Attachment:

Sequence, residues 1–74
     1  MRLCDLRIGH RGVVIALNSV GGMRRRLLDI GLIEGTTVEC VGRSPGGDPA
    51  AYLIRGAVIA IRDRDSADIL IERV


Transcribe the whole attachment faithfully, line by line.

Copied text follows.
Sequence, residues 1–74
     1  MRLCDLRIGH RGVVIALNSV GGMRRRLLDI GLIEGTTVEC VGRSPGGDPA
    51  AYLIRGAVIA IRDRDSADIL IERV